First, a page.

The Economic Analysis and Research Network (EARN) released a report today published by the Economic Policy Institute on the latest data on income inequality in the states. The data is unique in providing assessments of how the top 1 percent are faring compared to the bottom 99 percent. The findings are consistent though with what we know about the pulling apart of our nation’s income earners: the very top are capturing the largest share of income growth while everyone else is seeing their incomes stagnate or fall.
The problem with this outcome, which is driven by policy choices at both the national and state levels, is that when everyone doesn’t enjoy the benefits of a growing economy and increasing incomes despite having contributed by being more productive, the economy can’t reach its full potential.
Equitable growth is increasingly seen as superior to growth that concentrates the winnings in the hands of those at the top. That is because more equitable growth can be sustained for longer periods because it sustains consumer spending and doesn’t require reliance on debt to finance basic needs. And while improved data to quantify the relationship between inequality and growth is needed, the emerging evidence demonstrates that in the long-run a stronger economy is built on a foundation of broadly shared income growth.
As Budget & Tax Center analyst Patrick McHugh notes in our release on the data, the current recovery that began in 2009 can be called a 1 percent recovery. The majority of North Carolinians have not experienced an improvement in their incomes and thus are not enjoying the benefits of the increased productivity to which they have contributed. From 2009 to 2012 in North Carolina, the top 1 percent saw their income grow by 22.7 percent while the bottom 99 percent actually saw their incomes decline by nearly 2 percent. North Carolina joins 16 other states across the country in obtaining the dubious distinction of strong income growth for the top 1 percent and declines for everyone else in this period.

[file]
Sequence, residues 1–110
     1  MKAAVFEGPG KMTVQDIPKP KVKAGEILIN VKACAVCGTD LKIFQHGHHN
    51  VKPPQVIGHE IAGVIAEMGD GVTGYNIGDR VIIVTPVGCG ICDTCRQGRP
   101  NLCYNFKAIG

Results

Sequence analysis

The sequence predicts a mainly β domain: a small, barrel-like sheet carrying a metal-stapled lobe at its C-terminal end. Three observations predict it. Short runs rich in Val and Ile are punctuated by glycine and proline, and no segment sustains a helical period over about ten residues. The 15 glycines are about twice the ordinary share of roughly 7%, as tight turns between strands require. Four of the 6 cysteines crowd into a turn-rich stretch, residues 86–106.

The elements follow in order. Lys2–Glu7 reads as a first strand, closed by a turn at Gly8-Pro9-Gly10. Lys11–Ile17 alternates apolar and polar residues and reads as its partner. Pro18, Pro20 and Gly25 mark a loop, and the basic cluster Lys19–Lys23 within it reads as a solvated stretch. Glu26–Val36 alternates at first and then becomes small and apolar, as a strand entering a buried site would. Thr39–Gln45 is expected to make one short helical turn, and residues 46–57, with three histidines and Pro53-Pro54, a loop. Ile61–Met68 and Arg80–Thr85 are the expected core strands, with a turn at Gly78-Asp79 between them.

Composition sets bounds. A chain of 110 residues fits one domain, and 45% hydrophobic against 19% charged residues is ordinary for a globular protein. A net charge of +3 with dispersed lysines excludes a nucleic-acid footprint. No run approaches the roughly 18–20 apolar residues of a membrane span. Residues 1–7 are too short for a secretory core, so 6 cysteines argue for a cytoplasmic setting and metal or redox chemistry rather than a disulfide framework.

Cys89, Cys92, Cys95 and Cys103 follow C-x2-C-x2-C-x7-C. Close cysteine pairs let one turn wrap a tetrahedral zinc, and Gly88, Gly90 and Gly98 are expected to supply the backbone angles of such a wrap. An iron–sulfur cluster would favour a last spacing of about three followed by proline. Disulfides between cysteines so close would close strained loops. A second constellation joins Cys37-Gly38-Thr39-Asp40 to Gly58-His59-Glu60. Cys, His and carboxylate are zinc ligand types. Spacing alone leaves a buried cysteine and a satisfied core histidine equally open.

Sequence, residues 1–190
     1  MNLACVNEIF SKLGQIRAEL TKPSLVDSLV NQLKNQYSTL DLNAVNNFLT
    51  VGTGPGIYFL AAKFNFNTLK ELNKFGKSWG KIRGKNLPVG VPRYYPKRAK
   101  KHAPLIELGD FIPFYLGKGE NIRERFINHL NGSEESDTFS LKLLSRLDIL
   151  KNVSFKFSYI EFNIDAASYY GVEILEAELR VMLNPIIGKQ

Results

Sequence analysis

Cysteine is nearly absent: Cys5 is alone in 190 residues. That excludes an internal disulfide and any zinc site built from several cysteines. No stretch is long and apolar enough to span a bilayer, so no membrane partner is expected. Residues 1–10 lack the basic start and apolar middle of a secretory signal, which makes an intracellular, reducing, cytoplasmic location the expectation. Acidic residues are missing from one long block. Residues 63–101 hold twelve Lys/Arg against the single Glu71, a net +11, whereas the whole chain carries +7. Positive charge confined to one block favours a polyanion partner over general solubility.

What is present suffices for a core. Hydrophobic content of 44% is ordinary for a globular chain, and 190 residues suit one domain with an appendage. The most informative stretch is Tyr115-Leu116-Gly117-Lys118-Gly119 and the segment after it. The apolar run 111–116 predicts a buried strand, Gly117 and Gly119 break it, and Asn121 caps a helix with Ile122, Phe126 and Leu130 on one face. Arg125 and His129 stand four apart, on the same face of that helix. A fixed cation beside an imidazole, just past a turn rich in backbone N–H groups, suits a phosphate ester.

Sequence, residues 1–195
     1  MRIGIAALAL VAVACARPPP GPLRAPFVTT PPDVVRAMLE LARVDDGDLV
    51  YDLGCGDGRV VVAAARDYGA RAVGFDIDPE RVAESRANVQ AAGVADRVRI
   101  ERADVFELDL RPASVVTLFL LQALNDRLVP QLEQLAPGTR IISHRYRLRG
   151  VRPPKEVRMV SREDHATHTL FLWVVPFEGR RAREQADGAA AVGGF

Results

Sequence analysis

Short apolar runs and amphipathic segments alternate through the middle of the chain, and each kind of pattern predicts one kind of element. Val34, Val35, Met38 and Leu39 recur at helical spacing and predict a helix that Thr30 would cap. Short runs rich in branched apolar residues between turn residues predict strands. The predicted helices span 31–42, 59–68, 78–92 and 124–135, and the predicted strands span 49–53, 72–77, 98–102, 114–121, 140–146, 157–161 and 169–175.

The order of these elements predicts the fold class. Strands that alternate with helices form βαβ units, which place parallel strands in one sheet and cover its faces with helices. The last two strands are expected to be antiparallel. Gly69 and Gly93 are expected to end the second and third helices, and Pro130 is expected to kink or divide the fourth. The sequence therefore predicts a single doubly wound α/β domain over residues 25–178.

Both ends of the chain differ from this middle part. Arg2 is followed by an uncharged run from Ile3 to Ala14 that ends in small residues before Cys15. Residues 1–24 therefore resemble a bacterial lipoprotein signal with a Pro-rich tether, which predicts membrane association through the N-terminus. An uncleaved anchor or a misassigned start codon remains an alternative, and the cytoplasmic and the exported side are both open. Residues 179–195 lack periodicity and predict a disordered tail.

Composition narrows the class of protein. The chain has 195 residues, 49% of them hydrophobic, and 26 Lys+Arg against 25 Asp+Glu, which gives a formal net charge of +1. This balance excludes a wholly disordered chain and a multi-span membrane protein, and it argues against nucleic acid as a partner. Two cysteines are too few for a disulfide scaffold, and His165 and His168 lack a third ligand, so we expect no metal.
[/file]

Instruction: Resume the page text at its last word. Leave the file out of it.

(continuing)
Public policy has a powerful role to play in reversing these trends in the current recovery. Policies like ensuring an adequate minimum wage, supporting the right to form a union and establishing greater equity in who pays taxes under state and local tax systems, for example, have proven to ensure that all benefit when the economy grows. In North Carolina’s pursuit of better economic outcomes and stronger growth, attention to who benefits from income growth should be front and center and the proven policy tools to ensure everyone shares in that growth the pursuit of legislators this session.